Raj Narain, the only politician ever to defeat the late Prime Minister Indira Gandhi at the polls, died Wednesday. He was 69.
Narain, a lifelong Socialist who was the political bane of both Gandhi and her father, Prime Minister Jawaharlal Nehru, and who was active in India's struggle for independence in the 1940s, died of cardiac arrest at a New Delhi hospital to which he was admitted Sunday after a heart attack, the hospital said.
After learning of his death, Gandhi's son and successor, Prime Minister Rajiv Gandhi, said, "The nation will miss a person of strong convictions who had a place all his own in public life."
Narain, always forthright in expressing his views, was known as a maverick and iconoclast in Indian politics.
He entered Parliament's upper house in 1966 as a member of the Socialist Party. In 1971, he ran for the governing lower house but lost to Gandhi.
He later filed a petition challenging her victory, alleging that she rigged the election.
The historic petition was upheld in June, 1975. But Gandhi declared an internal emergency a few days later and arrested major opposition politicians, including Narain.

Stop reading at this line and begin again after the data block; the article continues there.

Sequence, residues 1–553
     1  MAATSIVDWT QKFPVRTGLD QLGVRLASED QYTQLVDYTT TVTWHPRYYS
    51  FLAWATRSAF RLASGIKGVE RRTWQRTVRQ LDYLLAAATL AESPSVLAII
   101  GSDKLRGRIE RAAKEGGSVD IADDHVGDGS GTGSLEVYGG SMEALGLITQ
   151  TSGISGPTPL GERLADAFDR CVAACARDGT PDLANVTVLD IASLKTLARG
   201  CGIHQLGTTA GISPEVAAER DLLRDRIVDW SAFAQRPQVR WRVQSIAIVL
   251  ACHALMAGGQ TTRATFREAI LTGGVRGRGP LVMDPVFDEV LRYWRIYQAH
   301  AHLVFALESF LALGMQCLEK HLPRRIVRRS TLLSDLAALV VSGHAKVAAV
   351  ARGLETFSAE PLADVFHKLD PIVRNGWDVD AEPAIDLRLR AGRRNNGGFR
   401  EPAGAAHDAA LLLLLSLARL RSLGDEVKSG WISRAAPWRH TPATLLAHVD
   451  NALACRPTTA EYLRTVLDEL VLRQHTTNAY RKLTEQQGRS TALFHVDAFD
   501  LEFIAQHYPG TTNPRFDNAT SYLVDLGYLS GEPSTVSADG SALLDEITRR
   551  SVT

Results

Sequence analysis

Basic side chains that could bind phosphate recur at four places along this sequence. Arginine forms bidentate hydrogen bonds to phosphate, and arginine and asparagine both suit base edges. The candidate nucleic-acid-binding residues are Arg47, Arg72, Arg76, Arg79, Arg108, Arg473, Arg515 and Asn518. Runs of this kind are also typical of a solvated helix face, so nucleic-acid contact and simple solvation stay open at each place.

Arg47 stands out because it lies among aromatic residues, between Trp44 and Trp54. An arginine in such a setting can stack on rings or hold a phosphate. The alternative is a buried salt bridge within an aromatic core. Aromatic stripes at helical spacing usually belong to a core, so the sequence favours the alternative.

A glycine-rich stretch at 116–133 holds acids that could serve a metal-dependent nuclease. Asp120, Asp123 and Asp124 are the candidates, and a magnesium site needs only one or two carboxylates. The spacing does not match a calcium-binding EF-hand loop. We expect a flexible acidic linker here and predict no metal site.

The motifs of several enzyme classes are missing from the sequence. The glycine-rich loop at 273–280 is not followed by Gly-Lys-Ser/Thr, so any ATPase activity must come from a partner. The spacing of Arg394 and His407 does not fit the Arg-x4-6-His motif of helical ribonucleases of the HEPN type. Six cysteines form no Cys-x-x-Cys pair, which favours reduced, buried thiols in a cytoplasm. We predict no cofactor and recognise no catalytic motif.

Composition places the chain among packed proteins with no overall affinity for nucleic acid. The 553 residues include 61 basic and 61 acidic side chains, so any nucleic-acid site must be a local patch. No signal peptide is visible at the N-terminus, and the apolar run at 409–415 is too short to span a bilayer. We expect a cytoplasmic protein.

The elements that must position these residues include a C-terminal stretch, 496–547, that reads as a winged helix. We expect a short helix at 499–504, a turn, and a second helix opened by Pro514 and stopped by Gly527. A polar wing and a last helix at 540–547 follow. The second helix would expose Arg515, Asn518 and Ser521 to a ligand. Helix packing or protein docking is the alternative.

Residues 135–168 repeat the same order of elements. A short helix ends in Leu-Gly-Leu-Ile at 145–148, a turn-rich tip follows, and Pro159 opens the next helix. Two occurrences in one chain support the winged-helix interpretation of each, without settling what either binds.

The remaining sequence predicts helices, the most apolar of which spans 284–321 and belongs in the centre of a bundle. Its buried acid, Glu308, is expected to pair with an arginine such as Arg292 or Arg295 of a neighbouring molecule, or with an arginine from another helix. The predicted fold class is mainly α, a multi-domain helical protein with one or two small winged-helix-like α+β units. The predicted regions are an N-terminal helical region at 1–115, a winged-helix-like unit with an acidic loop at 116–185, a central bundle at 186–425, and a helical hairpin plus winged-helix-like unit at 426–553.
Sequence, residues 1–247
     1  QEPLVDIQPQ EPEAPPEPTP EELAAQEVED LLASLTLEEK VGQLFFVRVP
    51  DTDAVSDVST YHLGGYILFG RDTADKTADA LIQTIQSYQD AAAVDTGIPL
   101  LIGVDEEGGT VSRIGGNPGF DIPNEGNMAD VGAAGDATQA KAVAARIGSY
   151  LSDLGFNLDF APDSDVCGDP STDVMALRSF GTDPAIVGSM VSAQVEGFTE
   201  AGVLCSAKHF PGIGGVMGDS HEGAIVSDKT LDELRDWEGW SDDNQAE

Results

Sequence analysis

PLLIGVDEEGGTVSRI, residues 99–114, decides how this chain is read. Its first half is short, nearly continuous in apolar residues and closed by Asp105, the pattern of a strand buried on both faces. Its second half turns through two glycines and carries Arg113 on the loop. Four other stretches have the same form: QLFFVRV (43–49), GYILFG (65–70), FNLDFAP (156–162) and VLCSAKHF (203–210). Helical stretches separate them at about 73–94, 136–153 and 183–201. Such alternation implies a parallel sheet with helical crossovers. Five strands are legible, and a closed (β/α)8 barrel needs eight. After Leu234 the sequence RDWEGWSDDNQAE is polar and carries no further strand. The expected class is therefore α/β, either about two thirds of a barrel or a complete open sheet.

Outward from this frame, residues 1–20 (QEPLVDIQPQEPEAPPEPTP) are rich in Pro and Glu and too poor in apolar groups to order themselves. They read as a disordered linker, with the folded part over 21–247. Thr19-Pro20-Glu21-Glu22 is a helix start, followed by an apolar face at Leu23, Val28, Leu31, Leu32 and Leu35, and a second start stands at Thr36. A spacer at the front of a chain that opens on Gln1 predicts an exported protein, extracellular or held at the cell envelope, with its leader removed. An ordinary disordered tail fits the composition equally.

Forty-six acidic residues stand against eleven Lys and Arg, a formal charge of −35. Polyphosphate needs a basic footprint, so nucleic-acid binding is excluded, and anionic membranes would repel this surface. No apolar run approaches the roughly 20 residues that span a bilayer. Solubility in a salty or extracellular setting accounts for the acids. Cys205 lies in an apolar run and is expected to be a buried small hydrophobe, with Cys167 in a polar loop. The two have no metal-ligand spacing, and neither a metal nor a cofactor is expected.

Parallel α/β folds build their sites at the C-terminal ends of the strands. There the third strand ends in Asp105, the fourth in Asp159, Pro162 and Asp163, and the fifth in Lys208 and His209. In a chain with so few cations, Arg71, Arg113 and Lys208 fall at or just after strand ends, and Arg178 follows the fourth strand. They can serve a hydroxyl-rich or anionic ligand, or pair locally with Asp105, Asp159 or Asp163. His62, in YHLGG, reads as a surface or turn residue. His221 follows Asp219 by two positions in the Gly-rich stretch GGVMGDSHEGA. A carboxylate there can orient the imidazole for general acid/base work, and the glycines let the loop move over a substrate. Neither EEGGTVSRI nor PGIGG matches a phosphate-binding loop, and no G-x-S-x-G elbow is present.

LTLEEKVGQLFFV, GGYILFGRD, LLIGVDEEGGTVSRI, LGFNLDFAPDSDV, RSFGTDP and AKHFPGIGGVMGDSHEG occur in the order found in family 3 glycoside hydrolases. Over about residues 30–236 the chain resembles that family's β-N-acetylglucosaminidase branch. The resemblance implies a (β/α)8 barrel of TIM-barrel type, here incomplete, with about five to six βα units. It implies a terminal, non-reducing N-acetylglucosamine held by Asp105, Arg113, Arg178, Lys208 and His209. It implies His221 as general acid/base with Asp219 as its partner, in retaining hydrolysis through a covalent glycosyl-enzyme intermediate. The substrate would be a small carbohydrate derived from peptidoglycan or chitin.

After his release in February, 1977, Narain (pronounced Nar-a-yan) helped found the Janata, or People's Party, to unite opposition against Gandhi's Congress Party. Janata was swept to power in elections that year as the nation rejected the stringent emergency rule and threw the Congress Party out of power for the first time since independence in 1947.
Narain won's Gandhi's parliamentary seat, handing her the only election loss of her career. He became health minister in the Janata government but remained a critic even when in office.
He resigned from the Cabinet in July, 1979, over the dual membership of some Janata Party members in a right-wing Hindu group, saying he wanted to uphold secular ideals.